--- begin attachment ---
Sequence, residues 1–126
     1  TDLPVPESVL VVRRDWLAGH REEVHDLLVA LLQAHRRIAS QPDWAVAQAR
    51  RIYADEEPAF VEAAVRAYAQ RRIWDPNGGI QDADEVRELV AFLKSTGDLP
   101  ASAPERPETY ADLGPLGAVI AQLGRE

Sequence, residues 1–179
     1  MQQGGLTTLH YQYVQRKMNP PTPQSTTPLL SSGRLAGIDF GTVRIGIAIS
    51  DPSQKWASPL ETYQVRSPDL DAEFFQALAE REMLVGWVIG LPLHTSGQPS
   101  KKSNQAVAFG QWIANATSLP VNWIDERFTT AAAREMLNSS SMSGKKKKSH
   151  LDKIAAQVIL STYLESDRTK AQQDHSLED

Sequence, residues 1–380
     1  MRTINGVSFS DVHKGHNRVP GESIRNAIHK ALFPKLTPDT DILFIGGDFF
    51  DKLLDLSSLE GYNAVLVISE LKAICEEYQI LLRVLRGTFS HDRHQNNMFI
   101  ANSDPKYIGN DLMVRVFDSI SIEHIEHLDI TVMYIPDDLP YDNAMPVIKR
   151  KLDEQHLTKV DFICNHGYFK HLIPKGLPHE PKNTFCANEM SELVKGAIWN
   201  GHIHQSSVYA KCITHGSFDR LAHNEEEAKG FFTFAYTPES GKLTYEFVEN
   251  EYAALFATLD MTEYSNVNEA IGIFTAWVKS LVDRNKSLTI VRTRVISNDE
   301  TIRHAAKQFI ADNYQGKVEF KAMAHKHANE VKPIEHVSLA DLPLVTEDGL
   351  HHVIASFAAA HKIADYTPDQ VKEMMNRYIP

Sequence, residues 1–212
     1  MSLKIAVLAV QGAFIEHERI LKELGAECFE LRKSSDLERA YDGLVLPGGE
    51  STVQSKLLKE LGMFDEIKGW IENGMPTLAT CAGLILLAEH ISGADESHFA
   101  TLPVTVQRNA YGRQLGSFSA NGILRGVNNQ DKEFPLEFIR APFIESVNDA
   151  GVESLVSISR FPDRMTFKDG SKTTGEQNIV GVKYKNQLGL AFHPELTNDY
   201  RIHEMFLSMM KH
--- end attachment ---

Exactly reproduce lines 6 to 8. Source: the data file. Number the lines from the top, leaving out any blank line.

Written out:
     1  MQQGGLTTLH YQYVQRKMNP PTPQSTTPLL SSGRLAGIDF GTVRIGIAIS
    51  DPSQKWASPL ETYQVRSPDL DAEFFQALAE REMLVGWVIG LPLHTSGQPS
   101  KKSNQAVAFG QWIANATSLP VNWIDERFTT AAAREMLNSS SMSGKKKKSH